Biology 103
2000 Second Web Report
On Serendip

The Root of Reward of Reward Deficiency Syndrome

Shah Aashna Hossain

"What has spawned a new way of looking at addiction is the fact that many of the potent motivational, and hence addictive, properties of different substances seem to involve a common neurochemical actionÍ" a "relationship between neurotransmitters, their receptors in the brain and addictive action."

- Bozarth, director of the Addiction Research Unit in the Department of Psychology in the College of Arts and Letters (1)

In the Hebb laboratory of McGill University in 1954, research psychologist James Olds was running a series of experiments involving the neurological alerting process of rats (2). Accidentally, he placed some electrodes inside the rats' limbic system - a part of the brain containing a group of structures that play a role in emotions. The brain was wired in a way that this area could be stimulated when the rat pressed on a lever. Curiously enough, the rats went back to pressing the connected lever time and time again - even up to 5,000 times per hour. They even denied themselves everything except sleep for the stimulation provided. Carried out in the medial hypothalmus region of human brains, this experiment was found to provide its subjects with feelings resembling orgasmic sexual arousal. And if certain other areas of the brain experienced stimulation, negative thoughts were eliminated and a feeling of light-headedness would occur. Thus was born the concept of the brain's reward pathway. In other words, the discovery that "pleasure is a distinct neurological function that is linked to a complex reward and reinforcement system" (3).

The Cascade Theory of Reward

Four regions of the brain and four neurotransmitters play a significant role and are a major part of the neurological reward pathway: dopamine in the nucleus accumbens and the hippocampus; serotonin in the hypothalamus; the enkephalins in the ventral tegmental area and the nucleus accumbens; GABA - an inhibitory neurotransmitter -also in the ventral tegmental area and the nucleus accumbens (Depression Despot , - link to map of the brain's limbic system) (3). Out of all these neurotransmitters, dopamine has been singled out as "the primary neurotransmitter of reward."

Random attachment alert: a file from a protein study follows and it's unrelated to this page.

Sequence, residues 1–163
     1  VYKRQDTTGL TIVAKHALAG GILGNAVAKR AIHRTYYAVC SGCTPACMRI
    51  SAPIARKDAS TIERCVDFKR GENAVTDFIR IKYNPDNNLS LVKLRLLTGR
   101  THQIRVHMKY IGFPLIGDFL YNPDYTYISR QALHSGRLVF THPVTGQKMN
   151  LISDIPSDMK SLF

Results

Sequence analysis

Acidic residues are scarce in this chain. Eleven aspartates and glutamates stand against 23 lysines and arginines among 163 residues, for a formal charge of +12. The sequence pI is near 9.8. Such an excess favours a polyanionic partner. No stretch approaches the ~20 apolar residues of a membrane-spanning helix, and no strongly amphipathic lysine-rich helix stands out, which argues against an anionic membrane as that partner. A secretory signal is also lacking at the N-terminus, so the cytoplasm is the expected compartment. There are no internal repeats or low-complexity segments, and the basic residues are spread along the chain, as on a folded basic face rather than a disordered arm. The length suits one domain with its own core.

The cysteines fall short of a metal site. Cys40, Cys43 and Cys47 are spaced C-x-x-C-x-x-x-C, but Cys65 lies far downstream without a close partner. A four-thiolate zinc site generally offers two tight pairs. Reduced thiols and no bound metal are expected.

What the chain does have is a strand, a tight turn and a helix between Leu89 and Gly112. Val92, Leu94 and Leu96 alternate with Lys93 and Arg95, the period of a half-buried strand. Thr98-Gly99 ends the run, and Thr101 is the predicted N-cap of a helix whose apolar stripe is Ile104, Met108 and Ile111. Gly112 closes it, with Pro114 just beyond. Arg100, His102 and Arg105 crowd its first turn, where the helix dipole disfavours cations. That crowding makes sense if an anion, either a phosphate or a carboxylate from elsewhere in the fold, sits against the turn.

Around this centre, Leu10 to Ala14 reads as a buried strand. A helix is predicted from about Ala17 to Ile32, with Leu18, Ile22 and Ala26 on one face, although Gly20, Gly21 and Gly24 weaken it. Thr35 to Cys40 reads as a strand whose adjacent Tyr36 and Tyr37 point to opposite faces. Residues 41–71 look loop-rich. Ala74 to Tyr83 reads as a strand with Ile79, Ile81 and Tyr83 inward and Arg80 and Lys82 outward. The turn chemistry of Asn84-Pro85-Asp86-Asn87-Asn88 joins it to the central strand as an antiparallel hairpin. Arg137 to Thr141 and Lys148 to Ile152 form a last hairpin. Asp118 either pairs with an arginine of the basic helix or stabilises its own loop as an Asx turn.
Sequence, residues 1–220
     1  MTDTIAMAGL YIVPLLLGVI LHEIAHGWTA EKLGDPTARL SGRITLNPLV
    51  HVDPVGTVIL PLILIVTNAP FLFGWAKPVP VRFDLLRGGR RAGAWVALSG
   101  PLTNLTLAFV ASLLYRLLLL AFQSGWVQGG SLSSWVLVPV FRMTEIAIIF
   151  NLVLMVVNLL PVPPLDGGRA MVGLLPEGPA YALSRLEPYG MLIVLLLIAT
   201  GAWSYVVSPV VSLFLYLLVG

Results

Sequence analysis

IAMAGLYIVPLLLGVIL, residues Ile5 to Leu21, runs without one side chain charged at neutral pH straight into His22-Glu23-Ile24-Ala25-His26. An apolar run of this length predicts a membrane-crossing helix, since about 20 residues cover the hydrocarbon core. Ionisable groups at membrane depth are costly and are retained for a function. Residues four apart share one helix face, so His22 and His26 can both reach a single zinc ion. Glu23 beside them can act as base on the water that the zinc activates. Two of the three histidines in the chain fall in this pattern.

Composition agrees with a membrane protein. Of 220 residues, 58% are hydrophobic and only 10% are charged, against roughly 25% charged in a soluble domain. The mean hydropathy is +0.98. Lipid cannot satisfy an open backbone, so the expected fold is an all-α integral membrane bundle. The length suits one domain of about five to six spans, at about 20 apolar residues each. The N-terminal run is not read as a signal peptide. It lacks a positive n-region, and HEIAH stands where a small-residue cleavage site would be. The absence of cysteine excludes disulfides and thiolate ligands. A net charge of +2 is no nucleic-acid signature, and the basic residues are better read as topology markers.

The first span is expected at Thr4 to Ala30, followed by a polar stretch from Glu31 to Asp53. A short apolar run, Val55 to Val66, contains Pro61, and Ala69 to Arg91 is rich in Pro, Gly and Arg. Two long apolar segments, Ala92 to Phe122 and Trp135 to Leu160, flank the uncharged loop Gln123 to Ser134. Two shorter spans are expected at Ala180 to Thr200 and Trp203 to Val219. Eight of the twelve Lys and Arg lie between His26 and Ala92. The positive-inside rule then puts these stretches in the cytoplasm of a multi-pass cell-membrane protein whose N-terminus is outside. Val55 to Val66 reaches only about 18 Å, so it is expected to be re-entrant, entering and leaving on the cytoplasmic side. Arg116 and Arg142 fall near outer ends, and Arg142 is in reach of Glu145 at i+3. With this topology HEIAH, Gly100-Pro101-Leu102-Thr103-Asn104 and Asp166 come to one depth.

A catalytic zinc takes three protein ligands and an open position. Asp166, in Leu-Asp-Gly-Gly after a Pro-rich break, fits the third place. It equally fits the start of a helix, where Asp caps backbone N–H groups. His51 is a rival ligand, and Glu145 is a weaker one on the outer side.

In the majority of people, the reward system begins with one of these chemicals spreading out to "network" and involve the other neurotransmitters in what resembles a cascade (http://www.sigmaxi.org/amsci/captions/captions96-03/blum-4.html - link to cascade system diagram) (3). As a result, one feels "secure, calm, comfortable and satisfied," referred to as the "reward." In fact, a lot of research has shown that a significant amount of human behavior is aimed towards achieving such feelings. In its simplest definition, reward deficiency syndrome is what occurs when such "networking" does not occur (4).

Reward Deficiency Syndrome

Genetic abnormalities, exposure to a prolonged period of stress, and alcohol or other substance abuse leads to a corruption of the "cascade function" (3). Such a disruption in the interaction between the neurotransmitters results in the opposite of the "reward": feelings of anger, anxiety, and other emotions associated with negativity. It has also been linked with compulsive and impulsive disorders such as alcoholism and attention deficit hyperactivity disorder (5) (http://www.sigmaxi.org/amsci/captions/captions96-03/blum-4.html - link to table of disorders associated with reward deficiency syndrome) (3). Since dopamine has been deemed the most important of all neurotransmitters in the neurological expression of pleasure, it is a defect in the gene that carries this chemical that has been primarily blamed for the incidence of this disorder.

The D2 Dopamine-Receptor Gene